Studying different cultures can be exciting, especially for younger children. We received 4 books to review from Carole P. Roman: If You Were Me and Lived in Scotland, If You Were Me and Lived in Germany, If You Were Me and Lived in Viking Europe and If You Were Me and Lived in the Ancient Mali Europe. Each book was engaging and conveyed a lot of info for children studying different cultures.

studying different cultures

General Information

  • Prices vary on each book. They can be purchased on Amazon (see links for each book in the intro paragraph).
  • Soft cover books (also available on Kindle)
  • Full color books with awesome illustrations

First, let me tell you a bit about the author. Carole P. Roman is a children’s author who has written over 50 books and won over 100 awards. In addition to her individual books, she has several series:

  • Captain No Beard
  • If You Were Me and Lived in …. Country Series
  • If You Were Me and Lived In…Ancient Times Series
  • Oh, Susannah

How We Used Our Books

I read through each of the books we received. I found them to be educational, a little whimsical (as far as the illustrations), and engaging. But, the information was very interesting!

Both of the books If You Were Me and Lived In … Viking Europe and If You Were Me and Lived in … Ancient Mali Empire are a little more in-depth than the other two books we reviewed. These two are geared more towards middle school students.

The Viking Europe book gave a pretty thorough overview of what life would be like as a Viking during the 9th century. From the beginning of the book Ms. Roman brings the reader into life in 890 AD. She leads you through the work life of both men and women, their home life, how the houses were built, how they gathered food and fed their families. It’s a combination of social studies, culture, lifestyle, currency, trading, and so much more. I can see this being used for middle school students.

The Ancient Mali Empire is based on the year 1332 and what life would be like to live during that time. Taking you back in time, the reader is a young child who’s father is very wealthy and a commander of the king’s army. There are lots of definitions and pronunciations (which is true for all the books I read for this review). In particular, considering that this is Mali, there is some discussion of Islam and Muslim religions. It’s approached more in an educational way than anything else. There is also mention of worshiping other gods (which was encouraged by the king in this book) and that one of the trades the young boy learned is creating idols for worship. The young daughter in the book is also prepared for marriage at the age of 12. I point this out because these may be things that you can address with your children as you read this book. These are based on what was happening in Mali around 1332 – just keep that in mind. Aside from these things, the book itself is informational. As with the Viking book, currency, culture, traditions, and more are discussed and addressed. There are a list of actual names and important people from this time listed at the back of the book along with a glossary.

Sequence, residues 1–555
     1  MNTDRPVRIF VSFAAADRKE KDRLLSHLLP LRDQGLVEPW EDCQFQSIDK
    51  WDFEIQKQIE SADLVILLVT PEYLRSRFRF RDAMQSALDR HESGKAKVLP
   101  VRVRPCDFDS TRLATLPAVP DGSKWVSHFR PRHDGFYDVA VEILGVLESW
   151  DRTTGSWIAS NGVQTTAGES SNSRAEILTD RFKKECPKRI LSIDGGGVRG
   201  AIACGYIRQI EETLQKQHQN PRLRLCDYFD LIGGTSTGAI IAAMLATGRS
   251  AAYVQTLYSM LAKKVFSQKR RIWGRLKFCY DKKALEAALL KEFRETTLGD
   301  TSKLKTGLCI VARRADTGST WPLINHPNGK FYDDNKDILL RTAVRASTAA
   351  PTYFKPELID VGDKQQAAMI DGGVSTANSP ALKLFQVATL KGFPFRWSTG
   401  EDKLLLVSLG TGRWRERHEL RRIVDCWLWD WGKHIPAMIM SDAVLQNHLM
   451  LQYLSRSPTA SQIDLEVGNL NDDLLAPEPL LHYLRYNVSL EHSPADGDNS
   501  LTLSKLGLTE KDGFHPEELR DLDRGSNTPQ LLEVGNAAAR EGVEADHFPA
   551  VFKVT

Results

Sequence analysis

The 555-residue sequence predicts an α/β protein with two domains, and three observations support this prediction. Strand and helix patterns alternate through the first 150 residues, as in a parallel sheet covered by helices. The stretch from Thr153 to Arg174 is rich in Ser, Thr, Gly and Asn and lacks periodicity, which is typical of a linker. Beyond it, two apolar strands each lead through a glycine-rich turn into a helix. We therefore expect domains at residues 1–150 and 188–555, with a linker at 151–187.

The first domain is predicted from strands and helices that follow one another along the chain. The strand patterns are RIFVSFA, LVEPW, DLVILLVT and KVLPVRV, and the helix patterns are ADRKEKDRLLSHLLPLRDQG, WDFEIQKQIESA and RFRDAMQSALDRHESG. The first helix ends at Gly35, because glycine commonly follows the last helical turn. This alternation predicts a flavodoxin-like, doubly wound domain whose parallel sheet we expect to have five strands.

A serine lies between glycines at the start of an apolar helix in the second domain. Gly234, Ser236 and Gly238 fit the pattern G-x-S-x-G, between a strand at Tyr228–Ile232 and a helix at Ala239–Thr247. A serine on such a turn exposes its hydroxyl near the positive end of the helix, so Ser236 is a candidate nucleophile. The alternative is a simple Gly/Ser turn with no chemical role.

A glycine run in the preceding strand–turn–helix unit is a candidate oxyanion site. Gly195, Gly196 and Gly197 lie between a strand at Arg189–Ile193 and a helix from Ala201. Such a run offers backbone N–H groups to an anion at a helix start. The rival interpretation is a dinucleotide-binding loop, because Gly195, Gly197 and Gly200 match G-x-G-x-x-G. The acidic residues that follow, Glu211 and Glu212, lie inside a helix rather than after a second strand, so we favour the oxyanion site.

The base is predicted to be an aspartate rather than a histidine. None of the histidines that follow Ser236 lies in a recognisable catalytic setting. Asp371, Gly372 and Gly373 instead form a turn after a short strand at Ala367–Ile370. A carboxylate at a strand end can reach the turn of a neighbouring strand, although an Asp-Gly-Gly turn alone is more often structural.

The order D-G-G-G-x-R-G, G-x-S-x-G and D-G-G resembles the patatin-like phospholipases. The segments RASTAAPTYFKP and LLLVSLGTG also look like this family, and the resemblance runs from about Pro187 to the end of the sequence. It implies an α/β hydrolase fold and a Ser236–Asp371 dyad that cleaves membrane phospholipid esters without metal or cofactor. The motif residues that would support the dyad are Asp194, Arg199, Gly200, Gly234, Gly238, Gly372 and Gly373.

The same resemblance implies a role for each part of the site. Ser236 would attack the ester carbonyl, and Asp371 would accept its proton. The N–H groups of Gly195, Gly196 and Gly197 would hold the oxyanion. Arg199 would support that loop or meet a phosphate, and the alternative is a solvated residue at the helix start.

studying different culturesThe other two books I reviewed are: If You Were Me and Lived In … Germany and If You Were Me and Lived in … Sotland. These would be good for students in elementary and are geared more towards life in a particular country, not just a period of time. In fact, they are more relevant to today’s world. They each discuss popular cultural names, geography, currency, types of food, and so much more. If using these books as part of a cultural series, you might consider making some of the meals mentioned in the books. In the Scotland book, you’ll find dishes with names such as tattie scones, cullen shink, or stovies. Why not Google these dishes and make one so that your children can taste a traditional Scottish meal? It’s a great hands-on learning experience.

Final Thoughts

I thought these books would be well suited for elementary or middle school students. As a homeschooling mama, if I were to use these books as part of any social studies course, I would consider adding a short paper, maybe finding a recipe or two that would fit these cultures, or even a short lesson or two on any of the subjects she mentions inside the books (currency values between those cultures and ours, clothing, etc.). There are many ways to add to these books to create a full social studies program or even a history program by adding a few of these books together or using them as additional resources for a curriculum you’re already using.

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Oh Susannah, Bedtime Stories, Captain No Beard, If you were Me ... {Carole P. Roman Reviews}